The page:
Often, when you start applying for mortgages, the first thing you hear about is the importance of a good credit score. As a general rule of thumb, you need at least a 600 to get most mortgages, but there are some mortgage lenders that work with borrowers with lower scores. However, your score isn’t the only thing mortgage lenders take into account. Once they determine that your score is reasonable, they actually look for a number of different elements on your report.
Judgments, Liens, and Collection Accounts
Traditionally, judgments, liens, and collection accounts are listed on the top of your credit report. If you get your report online, you may see a number of tabs, and these accounts are usually grouped together in a single tab. Mortgage lenders don’t want to see anything in this category.
Ideally, you should pull your credit report before applying for a mortgage, and you should attempt to clean this area up. Liens are a claim to your asset. For instance, if you owe the IRS money, the IRS issues a tax lien. Note that as of July 2018, the credit bureaus have removed tax liens but other liens may show up on your account. Collections are old bills or credit cards that have been sent to collection agencies. That may include an old cable bill that you forgot to pay or seriously delinquent credit card debts.
Judgments are amounts that you have been court ordered to pay. This may include anything from unpaid child support (note that this debt may also show up as a trade line) to old accounts in collections that have gone to a lawyer who took the issue to court. To reduce the effect of these issues, pay these old bills. Ideally, you should pay the whole bill, but if you decide to take a settlement, remember that you have to report savings over $599 as income on your tax return.
Mortgage lenders also look at your trade lines. This refers to credit card accounts, car loans, lines of credit, and similar credit vehicles. Ideally, you want this area to show that you have been paying your bills on time. Mortgage lenders also assess your total debt to income ratio. If you have a lot of debt compared to your income, you may struggle to get a mortgage, even if you have a great credit score.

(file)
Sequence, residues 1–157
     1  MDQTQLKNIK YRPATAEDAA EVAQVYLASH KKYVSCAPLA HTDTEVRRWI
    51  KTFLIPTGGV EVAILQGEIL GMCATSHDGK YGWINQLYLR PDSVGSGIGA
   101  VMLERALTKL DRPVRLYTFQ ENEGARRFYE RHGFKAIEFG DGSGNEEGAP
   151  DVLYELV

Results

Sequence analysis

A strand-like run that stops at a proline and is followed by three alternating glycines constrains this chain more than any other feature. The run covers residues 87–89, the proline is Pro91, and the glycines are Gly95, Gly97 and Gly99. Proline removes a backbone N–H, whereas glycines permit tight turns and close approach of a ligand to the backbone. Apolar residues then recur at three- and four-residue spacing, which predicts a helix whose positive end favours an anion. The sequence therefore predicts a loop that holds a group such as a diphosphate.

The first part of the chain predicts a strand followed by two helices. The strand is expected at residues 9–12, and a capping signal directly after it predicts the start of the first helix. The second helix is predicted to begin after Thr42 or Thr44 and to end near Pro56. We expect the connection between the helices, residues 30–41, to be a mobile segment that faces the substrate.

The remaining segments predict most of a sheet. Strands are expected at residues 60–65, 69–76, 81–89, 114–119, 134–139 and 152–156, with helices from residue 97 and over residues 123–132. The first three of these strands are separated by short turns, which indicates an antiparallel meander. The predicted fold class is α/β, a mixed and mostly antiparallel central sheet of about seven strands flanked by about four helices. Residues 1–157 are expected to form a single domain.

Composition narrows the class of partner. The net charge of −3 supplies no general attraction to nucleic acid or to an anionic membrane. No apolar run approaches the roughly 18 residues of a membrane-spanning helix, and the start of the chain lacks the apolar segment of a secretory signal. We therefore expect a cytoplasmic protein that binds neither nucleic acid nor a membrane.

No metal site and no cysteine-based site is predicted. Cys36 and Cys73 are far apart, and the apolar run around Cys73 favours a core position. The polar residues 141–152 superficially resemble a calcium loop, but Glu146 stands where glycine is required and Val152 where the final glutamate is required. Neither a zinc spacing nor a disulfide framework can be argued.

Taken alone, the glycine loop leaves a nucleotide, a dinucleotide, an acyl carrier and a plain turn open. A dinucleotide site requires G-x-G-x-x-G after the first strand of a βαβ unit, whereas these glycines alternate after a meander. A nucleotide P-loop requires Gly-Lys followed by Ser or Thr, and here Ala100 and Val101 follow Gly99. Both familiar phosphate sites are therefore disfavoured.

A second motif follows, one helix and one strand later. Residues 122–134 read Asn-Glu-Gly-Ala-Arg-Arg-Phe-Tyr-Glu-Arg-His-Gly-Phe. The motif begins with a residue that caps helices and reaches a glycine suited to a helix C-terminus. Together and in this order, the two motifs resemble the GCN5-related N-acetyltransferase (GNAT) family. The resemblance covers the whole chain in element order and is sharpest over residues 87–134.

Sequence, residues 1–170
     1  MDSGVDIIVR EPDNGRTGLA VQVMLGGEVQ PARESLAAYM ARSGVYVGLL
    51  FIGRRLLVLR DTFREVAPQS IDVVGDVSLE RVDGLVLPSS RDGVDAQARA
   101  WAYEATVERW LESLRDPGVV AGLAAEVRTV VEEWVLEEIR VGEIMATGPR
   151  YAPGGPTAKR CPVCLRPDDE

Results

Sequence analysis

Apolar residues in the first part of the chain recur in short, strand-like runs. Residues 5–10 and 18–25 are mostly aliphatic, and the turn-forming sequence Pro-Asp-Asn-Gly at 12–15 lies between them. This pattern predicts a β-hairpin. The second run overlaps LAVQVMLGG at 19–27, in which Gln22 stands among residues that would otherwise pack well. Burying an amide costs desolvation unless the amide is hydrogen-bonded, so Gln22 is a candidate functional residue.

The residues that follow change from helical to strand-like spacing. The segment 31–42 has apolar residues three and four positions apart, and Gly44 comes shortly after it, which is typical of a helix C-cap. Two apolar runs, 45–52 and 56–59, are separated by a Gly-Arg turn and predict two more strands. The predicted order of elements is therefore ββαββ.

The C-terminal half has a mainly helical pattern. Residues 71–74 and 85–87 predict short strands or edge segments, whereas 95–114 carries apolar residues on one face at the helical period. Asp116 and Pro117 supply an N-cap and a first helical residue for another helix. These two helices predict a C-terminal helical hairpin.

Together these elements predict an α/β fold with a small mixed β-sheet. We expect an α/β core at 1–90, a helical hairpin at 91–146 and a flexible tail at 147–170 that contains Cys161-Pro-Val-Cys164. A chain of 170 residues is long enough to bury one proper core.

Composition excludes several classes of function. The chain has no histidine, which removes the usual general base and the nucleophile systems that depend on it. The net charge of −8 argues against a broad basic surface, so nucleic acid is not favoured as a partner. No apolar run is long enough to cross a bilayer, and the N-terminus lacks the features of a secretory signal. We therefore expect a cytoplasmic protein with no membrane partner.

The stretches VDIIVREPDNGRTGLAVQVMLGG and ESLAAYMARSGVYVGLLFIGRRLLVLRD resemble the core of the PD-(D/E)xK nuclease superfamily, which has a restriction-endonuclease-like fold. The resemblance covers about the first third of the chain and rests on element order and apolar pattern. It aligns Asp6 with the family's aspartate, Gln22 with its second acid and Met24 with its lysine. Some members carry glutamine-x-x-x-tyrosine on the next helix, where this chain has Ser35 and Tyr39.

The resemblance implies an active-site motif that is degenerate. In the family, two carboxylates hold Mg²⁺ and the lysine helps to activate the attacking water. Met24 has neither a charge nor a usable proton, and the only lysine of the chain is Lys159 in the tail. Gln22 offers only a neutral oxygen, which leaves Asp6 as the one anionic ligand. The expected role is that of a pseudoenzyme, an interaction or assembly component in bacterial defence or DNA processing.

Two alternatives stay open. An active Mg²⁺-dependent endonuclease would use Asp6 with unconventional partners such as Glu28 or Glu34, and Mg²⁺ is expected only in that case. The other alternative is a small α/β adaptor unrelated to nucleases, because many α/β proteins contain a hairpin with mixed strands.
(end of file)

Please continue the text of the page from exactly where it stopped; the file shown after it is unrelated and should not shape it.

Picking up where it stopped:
Mortgage lenders also look at how close revolving debt (credit cards and lines of credit) are to your credit lines. Ideally, you want your cards and lines of credit to be half way or less to their limits. Surprisingly, it actually looks better to have two half charged credit cards than one with a zero balance and another charged to the maximum amount allowed.
Near the bottom of your report, there is a section that shows credit inquiries. Checking your own credit score doesn’t affect this section, but if you’re recently gone out and applied for a lot of loans and credit cards, that will reflect poorly on your situation. Don’t apply for additional lines of credit until after you have the mortgage and are comfortably in your home, and even then, always remember to apply for and use credit very carefully.
If you have additional questions, you should connect with a lender directly. At BrightPath, our mortgage lenders who can help you through the process of getting into a beautiful new home. To learn more, contact us today.